Still stripping: Virtual show allows exotic dancers to return to the stage
The Cellar Door provides a strip club alternative during the pandemic, but it's not enough to pay the bills
At Cellar Door, subscribers can log on to see the monthly live strip show streaming from a studio in downtown Vancouver.
Instead of performing on a stage, two or three dancers use a pole installed in a large vacant room. Other dancers in B.C and Alberta join the show from their homes where they have their own pole set up.
Dancer Jennifer Ashley, who goes by the stage name Summer Kitten, said she organized the show to provide an outlet for dancers who wanted to get back to performing, though the monthly $15 subscription fee doesn't compensate for the income she lost when strip clubs first closed last March.
"We just lost all of our bookings," she said, "a lot of entertainers have had to turn to online means or diversify their employment."
Ashley has training as a professional ballet dancer and does aerial performances. She was able to compensate for some of her lost income by teaching dance classes during the day, but she said other colleagues have had difficulty finding alternative employment.
While many of the dancers she knows have found day jobs or pivoted to other forms of sex work, in some cases she said she's seen women turn to survival sex work due to a lack of income.
Strippers who are unemployed can collect CERB, but since dancers are generally considered independent contractors by strip clubs there can be complications.
In Canada, strippers are typically considered self-employed and book their stage time at a club. For Ashley, those bookings have largely dried up even though clubs in B.C. have been able to open to patrons for certain periods in the last year.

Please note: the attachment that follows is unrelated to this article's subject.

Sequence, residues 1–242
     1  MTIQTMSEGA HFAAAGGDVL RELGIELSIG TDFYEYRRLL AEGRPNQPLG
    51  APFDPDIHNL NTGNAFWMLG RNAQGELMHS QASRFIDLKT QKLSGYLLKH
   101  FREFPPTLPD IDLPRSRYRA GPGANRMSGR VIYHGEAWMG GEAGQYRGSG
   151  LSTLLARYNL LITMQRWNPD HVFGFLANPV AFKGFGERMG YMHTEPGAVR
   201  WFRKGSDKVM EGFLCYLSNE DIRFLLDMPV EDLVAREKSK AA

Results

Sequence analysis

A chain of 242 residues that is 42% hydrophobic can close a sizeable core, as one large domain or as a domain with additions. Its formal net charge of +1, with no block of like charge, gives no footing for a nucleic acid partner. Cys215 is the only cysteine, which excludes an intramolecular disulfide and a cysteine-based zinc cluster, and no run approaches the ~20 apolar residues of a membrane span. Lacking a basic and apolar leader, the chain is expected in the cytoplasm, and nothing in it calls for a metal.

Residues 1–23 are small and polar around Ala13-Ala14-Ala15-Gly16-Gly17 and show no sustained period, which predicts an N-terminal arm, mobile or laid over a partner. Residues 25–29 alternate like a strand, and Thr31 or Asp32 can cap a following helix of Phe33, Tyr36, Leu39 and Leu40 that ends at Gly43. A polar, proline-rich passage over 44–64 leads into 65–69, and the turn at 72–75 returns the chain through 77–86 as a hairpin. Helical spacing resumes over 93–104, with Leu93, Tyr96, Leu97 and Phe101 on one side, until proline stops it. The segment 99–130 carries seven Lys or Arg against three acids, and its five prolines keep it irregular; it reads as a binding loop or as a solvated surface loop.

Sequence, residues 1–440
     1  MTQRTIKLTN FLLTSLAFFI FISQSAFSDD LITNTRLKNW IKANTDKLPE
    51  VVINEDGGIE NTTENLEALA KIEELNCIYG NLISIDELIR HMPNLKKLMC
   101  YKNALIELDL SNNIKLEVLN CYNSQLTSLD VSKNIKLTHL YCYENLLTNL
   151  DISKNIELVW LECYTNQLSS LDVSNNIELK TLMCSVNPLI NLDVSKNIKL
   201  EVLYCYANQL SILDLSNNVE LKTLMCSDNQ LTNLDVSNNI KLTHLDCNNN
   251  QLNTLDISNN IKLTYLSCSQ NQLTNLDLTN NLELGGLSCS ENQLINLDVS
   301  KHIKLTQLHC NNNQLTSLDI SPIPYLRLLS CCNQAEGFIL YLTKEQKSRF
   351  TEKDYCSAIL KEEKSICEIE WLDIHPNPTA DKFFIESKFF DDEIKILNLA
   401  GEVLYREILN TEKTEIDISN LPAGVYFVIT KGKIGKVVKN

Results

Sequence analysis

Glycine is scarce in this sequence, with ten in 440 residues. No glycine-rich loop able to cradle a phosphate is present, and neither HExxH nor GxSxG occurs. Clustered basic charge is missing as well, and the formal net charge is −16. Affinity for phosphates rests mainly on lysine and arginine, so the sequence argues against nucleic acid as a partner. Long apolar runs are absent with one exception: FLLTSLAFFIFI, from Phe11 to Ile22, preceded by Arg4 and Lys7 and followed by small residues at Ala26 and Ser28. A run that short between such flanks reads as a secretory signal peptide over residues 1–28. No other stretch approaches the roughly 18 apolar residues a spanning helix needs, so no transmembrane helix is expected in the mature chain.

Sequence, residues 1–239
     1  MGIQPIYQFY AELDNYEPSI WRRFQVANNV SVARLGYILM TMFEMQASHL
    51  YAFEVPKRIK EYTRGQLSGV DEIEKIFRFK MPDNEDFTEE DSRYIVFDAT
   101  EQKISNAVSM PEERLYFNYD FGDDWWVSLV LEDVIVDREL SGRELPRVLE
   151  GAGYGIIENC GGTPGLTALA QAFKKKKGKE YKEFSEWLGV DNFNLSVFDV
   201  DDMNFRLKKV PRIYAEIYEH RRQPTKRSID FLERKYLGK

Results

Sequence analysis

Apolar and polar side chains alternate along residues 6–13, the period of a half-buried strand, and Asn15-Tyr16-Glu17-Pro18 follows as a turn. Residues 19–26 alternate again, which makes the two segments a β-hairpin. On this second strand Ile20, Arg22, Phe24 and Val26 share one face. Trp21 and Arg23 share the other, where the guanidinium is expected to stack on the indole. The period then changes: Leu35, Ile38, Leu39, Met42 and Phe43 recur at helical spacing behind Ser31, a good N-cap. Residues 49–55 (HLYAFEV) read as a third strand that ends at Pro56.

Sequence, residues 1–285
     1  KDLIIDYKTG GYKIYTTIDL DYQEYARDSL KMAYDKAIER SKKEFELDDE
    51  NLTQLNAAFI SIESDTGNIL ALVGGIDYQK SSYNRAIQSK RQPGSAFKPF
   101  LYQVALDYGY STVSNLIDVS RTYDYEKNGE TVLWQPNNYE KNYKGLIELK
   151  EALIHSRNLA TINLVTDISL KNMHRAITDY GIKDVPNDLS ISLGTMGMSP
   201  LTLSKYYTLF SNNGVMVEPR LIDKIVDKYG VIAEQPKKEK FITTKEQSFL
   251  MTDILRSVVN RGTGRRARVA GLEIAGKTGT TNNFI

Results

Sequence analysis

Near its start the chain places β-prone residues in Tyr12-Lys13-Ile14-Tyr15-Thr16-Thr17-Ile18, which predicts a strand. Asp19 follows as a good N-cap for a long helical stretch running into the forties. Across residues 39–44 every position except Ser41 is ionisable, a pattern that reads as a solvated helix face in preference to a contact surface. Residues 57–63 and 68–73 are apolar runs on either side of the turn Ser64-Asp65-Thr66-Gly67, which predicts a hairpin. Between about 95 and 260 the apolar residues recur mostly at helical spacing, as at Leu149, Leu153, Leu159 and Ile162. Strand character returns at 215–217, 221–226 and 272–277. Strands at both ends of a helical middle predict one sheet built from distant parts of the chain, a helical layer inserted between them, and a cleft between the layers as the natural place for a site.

"It has been a struggle for lots of people that I know personally," Ashley said.
No more 2 a.m. power-hour
While strippers can sometimes even lose money performing by paying their fee to a club or booking agent for their stage time, they can also make large sums in tips in one night, Ashley said.
"There is a saying in the industry: stay until the end [of the night]," she said.
The last hour before close can prove to be one of the most profitable times for strippers when customers are eager to order lap dances and see one last performance before leaving.
"There are girls who are really good hustlers and that's basically their power hour," she said.
One night working a club in Edmonton, Ashley said she made $1,000, mostly from one customer who started throwing bills on stage in the last hour before close.
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Before COVID-19 hit, Ashley worked four or five nights a week at clubs. The Cellar Door has been a passion project that recreates some of that atmosphere and allows her to perform with friends again while she waits for clubs to reopen.
Her monthly virtual strip show also provides a glimpse into the dancers' world, showing some of the camaraderie backstage that you wouldn't normally see at a club, as they joke around and prepare.
Ashley said she feels it's important that people outside the industry see a different side of women who work as strippers. To illustrate that, she also hosts a podcast called Strippers with Anxiety that includes unedited moments of dancers backstage at work.
"The whole premise was a super informal way to let people know that strippers are humans," she said, "being objectified, or being subject to the stigma around the industry, I think some people forget that."
Once clubs reopen, Ashley said she's looking forward to those moments backstage and seeing regular patrons in person.
"It'll be nice just to be on stage again, do a live show for people and just have that interaction," she said.